Beginnings and Diversity in Lao American Publishing
With the formation of Sahtu Press, Inc., we find ourselves faced with the interesting question of "now what?" and what does it mean for Lao American publishing. Ultimately, of course, we hope to see a stronger infrastructure in our community that supports a viable, progressive business model for Lao publishers around the world. This includes equitable distribution channels and fair market practices for Lao intellectual property.
In the near future, we all need to work together to create enough sustainable interest in Lao publishing to make it viable. This interest will be necessary both from inside and outside of our community to allow more publishers to take diverse artistic risks and encourage high standards of craft.
By 2021, we hope to see at least 10 well-run Lao publishing houses across the US. We also think it's realistic to hope for the development of at least 1 to 2 new Lao-focused publishers in other nations such as Canada, Australia and France. By 2025, if not sooner, it would be wonderful to see the first Lao Literary Awards.
In theory, ambitiously, it could take as little as $100,000 to start all ten houses, or less than 50 cents per Lao in the US. Of course, the challenge is in the fundraising and ensuring there's good management and distribution available for everyone. For Sahtu Press, we have to focus on what it will take to role-model good management and good development of the many different books we hope to bring forward to the community.
Following many conversations we've had across the country, it's clear there's a strong demand for Lao children's books among Lao parents, as well as memoirs and books that help families stay connected to their sense of the Lao journey and our tangled history.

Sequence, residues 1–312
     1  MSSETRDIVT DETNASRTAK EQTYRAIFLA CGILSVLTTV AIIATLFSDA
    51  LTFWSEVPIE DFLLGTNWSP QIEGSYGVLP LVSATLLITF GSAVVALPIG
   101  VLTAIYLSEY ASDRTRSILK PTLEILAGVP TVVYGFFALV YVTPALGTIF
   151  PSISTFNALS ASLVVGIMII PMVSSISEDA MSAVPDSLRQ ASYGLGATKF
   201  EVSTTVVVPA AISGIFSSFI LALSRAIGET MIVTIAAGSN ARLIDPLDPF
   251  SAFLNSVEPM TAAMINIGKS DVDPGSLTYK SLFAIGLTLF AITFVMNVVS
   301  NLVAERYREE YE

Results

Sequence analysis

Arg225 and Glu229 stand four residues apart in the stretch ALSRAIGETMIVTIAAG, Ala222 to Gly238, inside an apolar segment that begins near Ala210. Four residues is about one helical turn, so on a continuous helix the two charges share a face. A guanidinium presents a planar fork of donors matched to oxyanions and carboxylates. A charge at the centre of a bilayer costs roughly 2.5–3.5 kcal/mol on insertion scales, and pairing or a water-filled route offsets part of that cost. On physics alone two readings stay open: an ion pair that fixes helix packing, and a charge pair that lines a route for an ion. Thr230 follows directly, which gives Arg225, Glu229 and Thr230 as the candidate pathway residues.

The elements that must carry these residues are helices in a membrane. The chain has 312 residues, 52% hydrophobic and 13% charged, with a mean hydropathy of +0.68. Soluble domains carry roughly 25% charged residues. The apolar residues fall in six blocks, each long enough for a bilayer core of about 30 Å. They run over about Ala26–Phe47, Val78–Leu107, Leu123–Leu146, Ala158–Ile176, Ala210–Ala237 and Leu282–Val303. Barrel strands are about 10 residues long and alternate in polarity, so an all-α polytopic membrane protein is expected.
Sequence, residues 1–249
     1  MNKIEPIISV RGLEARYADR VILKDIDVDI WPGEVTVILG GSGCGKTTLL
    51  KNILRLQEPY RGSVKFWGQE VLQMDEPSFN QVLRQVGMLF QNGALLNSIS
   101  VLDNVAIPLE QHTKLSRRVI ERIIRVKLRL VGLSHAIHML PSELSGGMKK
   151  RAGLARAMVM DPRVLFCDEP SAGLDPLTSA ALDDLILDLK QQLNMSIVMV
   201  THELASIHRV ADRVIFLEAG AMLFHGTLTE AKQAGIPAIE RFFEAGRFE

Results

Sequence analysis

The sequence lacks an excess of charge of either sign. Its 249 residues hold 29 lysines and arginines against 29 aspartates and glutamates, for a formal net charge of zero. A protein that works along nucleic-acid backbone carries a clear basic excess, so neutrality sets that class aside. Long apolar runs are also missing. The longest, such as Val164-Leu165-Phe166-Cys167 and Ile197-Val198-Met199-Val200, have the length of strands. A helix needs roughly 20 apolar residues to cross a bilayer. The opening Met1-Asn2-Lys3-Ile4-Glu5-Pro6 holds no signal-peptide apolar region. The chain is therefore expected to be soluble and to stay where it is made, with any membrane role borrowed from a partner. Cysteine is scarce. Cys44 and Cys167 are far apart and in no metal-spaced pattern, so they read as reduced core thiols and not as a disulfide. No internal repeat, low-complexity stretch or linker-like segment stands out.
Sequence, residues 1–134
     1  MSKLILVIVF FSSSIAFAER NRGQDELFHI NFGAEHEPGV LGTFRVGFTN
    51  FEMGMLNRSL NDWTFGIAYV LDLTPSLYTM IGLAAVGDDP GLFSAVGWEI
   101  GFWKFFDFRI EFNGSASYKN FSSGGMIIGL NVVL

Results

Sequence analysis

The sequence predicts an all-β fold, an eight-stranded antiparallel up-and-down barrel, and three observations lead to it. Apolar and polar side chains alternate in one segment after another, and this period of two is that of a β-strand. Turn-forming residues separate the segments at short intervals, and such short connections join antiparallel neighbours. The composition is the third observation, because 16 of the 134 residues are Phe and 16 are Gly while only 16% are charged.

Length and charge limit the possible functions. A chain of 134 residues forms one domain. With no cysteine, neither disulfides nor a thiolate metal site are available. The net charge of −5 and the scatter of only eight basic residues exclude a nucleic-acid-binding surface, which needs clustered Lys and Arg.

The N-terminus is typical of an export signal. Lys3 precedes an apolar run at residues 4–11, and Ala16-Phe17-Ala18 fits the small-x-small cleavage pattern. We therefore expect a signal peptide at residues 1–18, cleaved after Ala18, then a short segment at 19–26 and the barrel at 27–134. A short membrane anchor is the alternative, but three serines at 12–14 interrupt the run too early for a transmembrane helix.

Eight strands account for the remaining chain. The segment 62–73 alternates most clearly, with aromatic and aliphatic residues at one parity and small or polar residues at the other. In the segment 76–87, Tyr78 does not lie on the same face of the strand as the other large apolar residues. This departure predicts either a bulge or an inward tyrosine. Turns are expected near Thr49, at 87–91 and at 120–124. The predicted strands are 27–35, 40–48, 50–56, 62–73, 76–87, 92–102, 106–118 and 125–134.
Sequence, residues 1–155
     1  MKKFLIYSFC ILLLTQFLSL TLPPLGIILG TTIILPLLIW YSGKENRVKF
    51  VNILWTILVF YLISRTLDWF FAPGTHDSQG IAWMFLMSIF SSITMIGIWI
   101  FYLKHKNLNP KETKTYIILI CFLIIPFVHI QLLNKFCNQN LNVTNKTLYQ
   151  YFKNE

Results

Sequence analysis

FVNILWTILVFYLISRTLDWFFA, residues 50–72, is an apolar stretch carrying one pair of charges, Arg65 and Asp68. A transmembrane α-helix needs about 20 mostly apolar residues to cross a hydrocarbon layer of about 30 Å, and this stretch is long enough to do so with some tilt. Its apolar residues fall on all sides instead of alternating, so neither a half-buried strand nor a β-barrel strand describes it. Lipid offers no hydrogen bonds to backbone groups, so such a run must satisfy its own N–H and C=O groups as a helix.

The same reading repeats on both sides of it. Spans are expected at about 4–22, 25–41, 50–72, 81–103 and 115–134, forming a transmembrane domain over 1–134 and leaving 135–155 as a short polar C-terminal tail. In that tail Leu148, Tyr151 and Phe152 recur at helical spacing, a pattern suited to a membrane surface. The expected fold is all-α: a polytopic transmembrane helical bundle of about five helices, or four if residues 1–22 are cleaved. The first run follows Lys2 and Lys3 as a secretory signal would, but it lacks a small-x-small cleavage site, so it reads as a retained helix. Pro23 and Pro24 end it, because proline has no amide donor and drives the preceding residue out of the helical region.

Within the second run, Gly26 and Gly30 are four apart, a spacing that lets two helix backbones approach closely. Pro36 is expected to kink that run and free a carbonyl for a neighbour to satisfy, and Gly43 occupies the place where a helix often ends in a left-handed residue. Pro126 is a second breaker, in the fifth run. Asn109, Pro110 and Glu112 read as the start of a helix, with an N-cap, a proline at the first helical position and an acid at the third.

We are approaching nearly 300,000 Lao in the US by 2020, and presently, nearly 50% are estimated to be under the age of 18. We believe this can be seen as an interesting and viable market. Young Adult writers could find a good market, given that the majority of Lao children's book writers are thinking of writing books for the younger end of the spectrum, but few books for teens.
Family memoirs, to succeed will have to be written so that they are of greater interest beyond just the immediate family of those involved, providing interesting perspectives for the reader. The good news is that almost every Lao immigration/refugee story we've run into also has enough distinctive and wild twists that family narratives could do better than many others currently available.
Already, we've seen many interesting manuscripts, but many suffer from a chronic fear to engage with our culture or employ an unrepentant Laoglish. We want Lao American books to take on issues with a deep authenticity and a willingness to critique the inner and social worlds of our community with depth, breadth and risk. Those types of books can't emerge without our community finding ways to support and enjoy a healthy competition between a diverse number Lao publishing/media houses. It's something we need to work on in the coming years ahead. But we believe it can be done. Sahtu Press will hopefully be one of those voices you turn to and rely on for quality work that challenges you and excites you about our collective journey.
What would YOU like to see from Lao American publishers in the years ahead?